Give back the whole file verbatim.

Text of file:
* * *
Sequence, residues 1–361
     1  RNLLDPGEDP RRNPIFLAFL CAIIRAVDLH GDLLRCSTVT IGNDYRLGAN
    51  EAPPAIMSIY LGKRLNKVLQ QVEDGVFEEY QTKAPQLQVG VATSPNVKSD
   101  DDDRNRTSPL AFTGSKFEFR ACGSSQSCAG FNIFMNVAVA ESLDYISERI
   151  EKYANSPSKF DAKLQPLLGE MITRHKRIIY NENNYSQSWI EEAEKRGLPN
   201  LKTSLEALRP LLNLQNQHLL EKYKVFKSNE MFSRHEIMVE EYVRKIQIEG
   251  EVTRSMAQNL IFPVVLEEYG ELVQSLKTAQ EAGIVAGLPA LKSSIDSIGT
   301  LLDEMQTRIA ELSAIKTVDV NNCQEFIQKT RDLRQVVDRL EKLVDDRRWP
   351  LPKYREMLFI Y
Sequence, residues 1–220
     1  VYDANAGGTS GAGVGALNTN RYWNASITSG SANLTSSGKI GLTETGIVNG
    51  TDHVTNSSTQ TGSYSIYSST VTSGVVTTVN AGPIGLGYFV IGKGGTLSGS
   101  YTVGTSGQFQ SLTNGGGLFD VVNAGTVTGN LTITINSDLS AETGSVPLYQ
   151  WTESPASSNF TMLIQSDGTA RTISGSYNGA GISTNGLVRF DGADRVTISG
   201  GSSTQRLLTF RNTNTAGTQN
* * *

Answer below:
Sequence, residues 1–361
     1  RNLLDPGEDP RRNPIFLAFL CAIIRAVDLH GDLLRCSTVT IGNDYRLGAN
    51  EAPPAIMSIY LGKRLNKVLQ QVEDGVFEEY QTKAPQLQVG VATSPNVKSD
   101  DDDRNRTSPL AFTGSKFEFR ACGSSQSCAG FNIFMNVAVA ESLDYISERI
   151  EKYANSPSKF DAKLQPLLGE MITRHKRIIY NENNYSQSWI EEAEKRGLPN
   201  LKTSLEALRP LLNLQNQHLL EKYKVFKSNE MFSRHEIMVE EYVRKIQIEG
   251  EVTRSMAQNL IFPVVLEEYG ELVQSLKTAQ EAGIVAGLPA LKSSIDSIGT
   301  LLDEMQTRIA ELSAIKTVDV NNCQEFIQKT RDLRQVVDRL EKLVDDRRWP
   351  LPKYREMLFI Y
Sequence, residues 1–220
     1  VYDANAGGTS GAGVGALNTN RYWNASITSG SANLTSSGKI GLTETGIVNG
    51  TDHVTNSSTQ TGSYSIYSST VTSGVVTTVN AGPIGLGYFV IGKGGTLSGS
   101  YTVGTSGQFQ SLTNGGGLFD VVNAGTVTGN LTITINSDLS AETGSVPLYQ
   151  WTESPASSNF TMLIQSDGTA RTISGSYNGA GISTNGLVRF DGADRVTISG
   201  GSSTQRLLTF RNTNTAGTQN